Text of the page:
NBN Co accused of duplication, overbuilding existing internet services

The company charged with rolling out the National Broadband Network (NBN) has been accused of wasting taxpayers' money by installing exactly the same internet services on top of existing broadband in some areas.

Wholesale broadband network companies say under the Coalition Government, NBN Co is stifling investment in the sector and leaving consumers worse off.

Michael Sparksman, the chief executive of OPENetworks, told Lateline that two years after his company installed a superfast broadband network in a building in Sydney Park Village, NBN Co installed the same service.

"It's exactly the same as building two super freeways to a community," he said.

"They provide the same services and facilities over which the trains and trucks and cars can travel and so there is no benefit in having duplication of that infrastructure."

LBNCo chief executive Steve Picton said his company had also been overbuilt.

"We've certainly seen it happen in a couple of our major estates in Western Australia," he said.

"We've got a major facility off towards the airport at Mascot where once again, one of our 100 megabit buildings, in that particular case using a different technology, has already been overbuilt."

Lateline has obtained a letter showing that NBN Co plans to roll out broadband at Wentworth Point, an estate with around 3,000 homes already serviced by Mr Picton's company.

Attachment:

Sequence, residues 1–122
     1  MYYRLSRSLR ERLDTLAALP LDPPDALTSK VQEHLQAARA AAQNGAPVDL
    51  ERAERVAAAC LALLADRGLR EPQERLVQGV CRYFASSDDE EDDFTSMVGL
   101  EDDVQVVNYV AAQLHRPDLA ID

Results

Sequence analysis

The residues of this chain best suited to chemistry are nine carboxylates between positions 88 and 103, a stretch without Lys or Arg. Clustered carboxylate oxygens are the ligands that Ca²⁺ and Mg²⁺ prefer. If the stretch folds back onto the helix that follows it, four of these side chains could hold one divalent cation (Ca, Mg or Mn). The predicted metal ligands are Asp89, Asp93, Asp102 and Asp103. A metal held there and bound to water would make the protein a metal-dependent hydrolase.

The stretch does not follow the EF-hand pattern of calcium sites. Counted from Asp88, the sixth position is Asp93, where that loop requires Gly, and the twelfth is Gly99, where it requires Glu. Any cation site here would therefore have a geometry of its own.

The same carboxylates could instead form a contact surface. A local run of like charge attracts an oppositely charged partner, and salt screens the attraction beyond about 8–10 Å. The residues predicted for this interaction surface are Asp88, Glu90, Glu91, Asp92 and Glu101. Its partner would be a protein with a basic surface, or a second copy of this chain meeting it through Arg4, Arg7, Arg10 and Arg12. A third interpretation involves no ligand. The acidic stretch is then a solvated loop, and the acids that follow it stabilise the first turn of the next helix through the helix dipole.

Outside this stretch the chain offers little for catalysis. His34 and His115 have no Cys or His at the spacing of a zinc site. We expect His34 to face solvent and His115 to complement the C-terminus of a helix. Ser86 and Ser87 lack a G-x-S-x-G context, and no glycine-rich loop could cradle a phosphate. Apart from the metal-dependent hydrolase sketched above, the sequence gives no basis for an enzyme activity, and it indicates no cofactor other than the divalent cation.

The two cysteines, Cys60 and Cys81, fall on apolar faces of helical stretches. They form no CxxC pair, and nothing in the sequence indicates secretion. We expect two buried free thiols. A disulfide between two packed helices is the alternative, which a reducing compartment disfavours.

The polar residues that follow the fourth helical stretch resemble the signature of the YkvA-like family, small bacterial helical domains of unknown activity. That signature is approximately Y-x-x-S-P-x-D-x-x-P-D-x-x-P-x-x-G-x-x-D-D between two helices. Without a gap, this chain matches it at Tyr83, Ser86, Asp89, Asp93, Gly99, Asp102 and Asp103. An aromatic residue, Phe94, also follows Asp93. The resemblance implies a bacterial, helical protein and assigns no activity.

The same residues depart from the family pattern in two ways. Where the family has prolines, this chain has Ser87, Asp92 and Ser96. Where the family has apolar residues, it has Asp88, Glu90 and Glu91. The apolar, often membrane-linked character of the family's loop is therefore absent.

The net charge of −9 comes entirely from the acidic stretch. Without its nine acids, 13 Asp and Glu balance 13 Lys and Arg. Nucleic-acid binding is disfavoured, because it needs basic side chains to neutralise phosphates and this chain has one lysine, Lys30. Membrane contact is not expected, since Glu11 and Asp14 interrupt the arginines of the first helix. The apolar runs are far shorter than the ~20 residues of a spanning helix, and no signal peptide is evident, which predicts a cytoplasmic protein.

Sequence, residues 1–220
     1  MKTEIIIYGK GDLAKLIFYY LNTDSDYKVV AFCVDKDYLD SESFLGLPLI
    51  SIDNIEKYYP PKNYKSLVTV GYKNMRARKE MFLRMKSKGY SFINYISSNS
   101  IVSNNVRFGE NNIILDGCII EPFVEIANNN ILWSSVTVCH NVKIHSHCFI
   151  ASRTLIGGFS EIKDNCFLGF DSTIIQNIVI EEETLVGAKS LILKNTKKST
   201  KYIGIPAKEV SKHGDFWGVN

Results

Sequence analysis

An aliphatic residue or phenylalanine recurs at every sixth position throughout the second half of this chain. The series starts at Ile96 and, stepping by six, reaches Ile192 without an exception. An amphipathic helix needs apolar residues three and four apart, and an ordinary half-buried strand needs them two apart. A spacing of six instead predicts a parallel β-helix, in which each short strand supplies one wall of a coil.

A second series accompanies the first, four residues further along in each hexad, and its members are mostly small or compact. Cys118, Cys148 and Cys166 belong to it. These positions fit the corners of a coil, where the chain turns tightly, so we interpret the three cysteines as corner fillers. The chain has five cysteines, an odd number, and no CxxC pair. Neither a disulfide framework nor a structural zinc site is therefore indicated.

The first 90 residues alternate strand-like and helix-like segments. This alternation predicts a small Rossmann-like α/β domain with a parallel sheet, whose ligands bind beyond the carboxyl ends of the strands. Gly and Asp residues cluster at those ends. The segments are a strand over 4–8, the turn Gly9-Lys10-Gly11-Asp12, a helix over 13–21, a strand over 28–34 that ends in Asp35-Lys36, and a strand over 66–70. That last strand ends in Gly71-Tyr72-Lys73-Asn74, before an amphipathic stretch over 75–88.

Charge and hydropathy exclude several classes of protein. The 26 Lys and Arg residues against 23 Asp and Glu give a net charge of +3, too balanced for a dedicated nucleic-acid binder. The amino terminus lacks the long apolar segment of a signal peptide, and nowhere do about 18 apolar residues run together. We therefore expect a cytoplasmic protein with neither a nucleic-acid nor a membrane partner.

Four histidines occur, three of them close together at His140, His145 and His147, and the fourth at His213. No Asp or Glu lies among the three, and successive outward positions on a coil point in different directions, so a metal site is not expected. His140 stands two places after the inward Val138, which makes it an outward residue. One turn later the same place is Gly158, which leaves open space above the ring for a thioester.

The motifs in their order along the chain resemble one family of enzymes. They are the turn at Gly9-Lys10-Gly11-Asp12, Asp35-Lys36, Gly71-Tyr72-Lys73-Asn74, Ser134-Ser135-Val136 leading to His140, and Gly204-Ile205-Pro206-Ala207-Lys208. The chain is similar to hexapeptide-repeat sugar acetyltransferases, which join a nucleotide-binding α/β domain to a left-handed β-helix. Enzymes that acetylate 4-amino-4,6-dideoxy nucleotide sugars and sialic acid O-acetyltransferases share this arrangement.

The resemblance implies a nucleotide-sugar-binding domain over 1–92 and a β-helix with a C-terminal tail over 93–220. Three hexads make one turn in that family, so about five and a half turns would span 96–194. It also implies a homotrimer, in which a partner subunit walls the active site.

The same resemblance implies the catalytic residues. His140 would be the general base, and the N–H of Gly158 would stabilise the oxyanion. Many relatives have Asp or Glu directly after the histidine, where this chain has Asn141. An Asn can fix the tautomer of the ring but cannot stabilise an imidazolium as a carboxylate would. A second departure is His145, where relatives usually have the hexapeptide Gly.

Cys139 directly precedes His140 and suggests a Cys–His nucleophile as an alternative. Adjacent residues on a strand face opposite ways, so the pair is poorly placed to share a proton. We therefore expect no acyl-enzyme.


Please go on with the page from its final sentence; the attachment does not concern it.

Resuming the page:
"It makes no sense. This is delivering a superfast broadband network, it is totally equivalent in terms of the service levels we're offering within the estate so it's total duplication," he said.

Mr Sparksman said overbuilding was killing off investment in the sector.

"Residents and occupiers of the business across the road have requested that we extend our network into their building and we would be prepared to do so but unfortunately the investment risk is now if NBN Co will overbuild us there, there won't be a return for us to do so," he said.

That leaves businesses like Brightwell Transport stuck in the middle.

Businesses caught up in broadband stand-off

Brightwell Transport is across the road from apartments that have superfast broadband from both NBN and OPENetworks.

But Brightwell's spokesman Cameron Dorrington said they cannot get access to either.

He said private firms do not want to take the risk of being overbuilt, but the NBN Co said they were still years off.

"They say they're not rolling out at this area at this time and their forward projections are saying it's about three years before they're planning to do that," he said.

"They're taking the good buildings in the area, leaving the difficult sites for somebody else."

In March, the Federal Government outlined its policy on overbuilding, saying: "it should ordinarily avoid duplicating or overbuilding existing high-speed broadband networks in new estates except in cases where it has obtained consent from the Government for this in advance."

A statement from the NBN Co said: "Until an area has been declared as 'adequately served' with high-speed broadband, then NBN has an obligation to build its network in that area."

A spokesperson for Communications Minister Mitch Fifield said in a statement that the Government was not aware of any NBN overbuilding in new developments.


Source: ABC News

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